Friday, March 11, 2011

Good Engineering

It's heartbreaking to watch the folks killed, wounded and displaced by the earthquake in the Pacific Ocean. The fury of nature mostly focused on Japan. Surprisingly the damage was not as much as expected in Tokyo. The big city was rattled, nevertheless, but relatively unscathed compared to the lesser known towns and villages. the casualties would have been unthinkably large had the buildings buckled in Tokyo - one of the cities in the world with highest population densities.

How did Tokyo manage to evade the inevitable? Someone twitted - Millions saved in Japan by good engineering and government building code. How profound. Not to belittle the unfathomable suffering of the victims, I couldn't help but think about the parallel to my own profession.

Engineering is not about being superficially creative; it's about reliability and trustworthiness. What good had been to build the highest tower in the world if that toppled over killing thousands and destroying far more in property? The true appreciation for engineering comes if something does not happen when things don't go as expected. When building a database infrastructure, or managing one, the true effort of a DBA is manifested in things that do not occur. Corruptions do not happen, rather than recovery being a necessity, or, security breaches never occur as opposed to scrambling to contain the damage of a breach. When things don't happen, the DBA is likely doing his or her job most effectively. It's not flashy webpages, or nice reports; it's plain simple non-events that differentiates [to borrow from the oft-repeated and near-cliche] men from boys.

I have a simple mantra (well, actually one of several) - success is not an accident; it's planned. Carefully planned engineering artifacts saved the day. Carefully planned processes save the organization from the perils of life - be it tsunamis or attempted credit card thefts. The success of the projects I execute, I believe, depends on how well it was planned - how prepared I was for all contingencies. There are three very important things in any project - details, details and details. Sometimes people around me get a little impatient that I pay too much attention to planning and details before starting the action. Well, without detailed analysis, I don't see how you can succeed in a project. Dumb luck, may be; but definitely not because of effort.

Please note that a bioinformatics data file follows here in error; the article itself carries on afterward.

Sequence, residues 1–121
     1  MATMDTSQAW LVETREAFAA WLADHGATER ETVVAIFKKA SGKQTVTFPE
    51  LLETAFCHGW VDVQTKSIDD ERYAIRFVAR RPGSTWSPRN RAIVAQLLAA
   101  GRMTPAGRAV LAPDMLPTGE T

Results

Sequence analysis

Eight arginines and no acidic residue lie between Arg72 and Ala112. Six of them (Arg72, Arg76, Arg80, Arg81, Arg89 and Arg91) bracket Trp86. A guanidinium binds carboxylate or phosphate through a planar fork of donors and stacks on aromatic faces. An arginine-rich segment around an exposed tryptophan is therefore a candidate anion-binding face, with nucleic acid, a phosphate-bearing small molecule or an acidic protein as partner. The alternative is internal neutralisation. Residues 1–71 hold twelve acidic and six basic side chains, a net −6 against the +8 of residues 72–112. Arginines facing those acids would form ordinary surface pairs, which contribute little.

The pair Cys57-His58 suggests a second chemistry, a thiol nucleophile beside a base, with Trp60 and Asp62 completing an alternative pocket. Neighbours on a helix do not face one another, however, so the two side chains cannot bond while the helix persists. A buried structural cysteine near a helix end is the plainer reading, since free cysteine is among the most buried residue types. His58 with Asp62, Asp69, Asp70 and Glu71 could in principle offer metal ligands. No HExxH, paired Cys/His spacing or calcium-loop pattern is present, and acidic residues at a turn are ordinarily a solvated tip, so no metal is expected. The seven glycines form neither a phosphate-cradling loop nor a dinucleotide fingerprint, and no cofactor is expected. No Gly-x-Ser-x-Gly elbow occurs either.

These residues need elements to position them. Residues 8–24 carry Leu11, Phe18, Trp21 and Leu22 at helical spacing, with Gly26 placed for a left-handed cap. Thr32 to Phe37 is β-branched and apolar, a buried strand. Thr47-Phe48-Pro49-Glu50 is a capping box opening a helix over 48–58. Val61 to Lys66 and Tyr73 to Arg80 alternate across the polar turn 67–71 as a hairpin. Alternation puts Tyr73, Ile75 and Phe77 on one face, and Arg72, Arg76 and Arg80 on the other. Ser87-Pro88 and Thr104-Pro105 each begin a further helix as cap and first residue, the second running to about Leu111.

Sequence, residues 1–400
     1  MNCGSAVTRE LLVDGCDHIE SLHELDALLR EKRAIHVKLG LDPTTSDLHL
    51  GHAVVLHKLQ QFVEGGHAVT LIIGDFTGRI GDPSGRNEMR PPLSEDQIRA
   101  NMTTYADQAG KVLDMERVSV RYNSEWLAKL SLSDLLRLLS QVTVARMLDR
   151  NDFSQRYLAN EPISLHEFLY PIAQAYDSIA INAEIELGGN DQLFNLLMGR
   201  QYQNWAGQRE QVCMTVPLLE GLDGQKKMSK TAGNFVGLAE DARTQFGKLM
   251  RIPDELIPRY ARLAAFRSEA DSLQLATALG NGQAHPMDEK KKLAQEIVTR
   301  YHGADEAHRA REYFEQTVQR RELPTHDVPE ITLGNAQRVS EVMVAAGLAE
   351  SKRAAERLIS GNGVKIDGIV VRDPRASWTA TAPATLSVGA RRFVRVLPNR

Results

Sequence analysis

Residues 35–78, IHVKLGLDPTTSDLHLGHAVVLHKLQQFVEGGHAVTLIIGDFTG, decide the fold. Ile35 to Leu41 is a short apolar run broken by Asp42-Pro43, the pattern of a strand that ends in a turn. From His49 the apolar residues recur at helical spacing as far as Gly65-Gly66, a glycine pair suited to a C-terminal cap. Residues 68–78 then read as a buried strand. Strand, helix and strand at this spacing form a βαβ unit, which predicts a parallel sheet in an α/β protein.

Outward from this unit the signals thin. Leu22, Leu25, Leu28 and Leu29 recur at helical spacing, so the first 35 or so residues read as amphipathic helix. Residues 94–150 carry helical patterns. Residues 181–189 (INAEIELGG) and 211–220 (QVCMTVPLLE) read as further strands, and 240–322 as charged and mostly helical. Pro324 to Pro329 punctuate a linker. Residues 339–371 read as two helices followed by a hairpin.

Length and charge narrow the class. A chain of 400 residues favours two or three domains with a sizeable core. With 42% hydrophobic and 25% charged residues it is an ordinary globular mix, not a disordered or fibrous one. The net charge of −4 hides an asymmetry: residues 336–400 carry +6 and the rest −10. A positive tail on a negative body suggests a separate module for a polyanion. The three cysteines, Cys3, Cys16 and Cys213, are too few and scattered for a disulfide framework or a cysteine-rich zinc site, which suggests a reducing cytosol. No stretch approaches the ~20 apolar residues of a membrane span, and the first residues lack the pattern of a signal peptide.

One of the other overlooked factors in success is standardization. It goes for building a good layout or an architectural plan that influences future projects. For years, I have been developing and enforcing strict guidelines in my own organization, to address this eventuality - just in case. Time and again, it has proved invaluable by preventing small and large mishaps, just like the building codes did in Tokyo.

Because of what the engineers did, Tokyo was spared; not because of its good luck. Millions of people should thank the unsung heroes that made it their mission to pay attention to the detail and plan very carefully. And scores of CEOs, CIOs and shareholders should thank the unsung heroes in their own organizations who saved them from corporate perils by making sure nothing happens.

Planning ... details ... boring; but important. Not something you will see in headlines, sadly, though.
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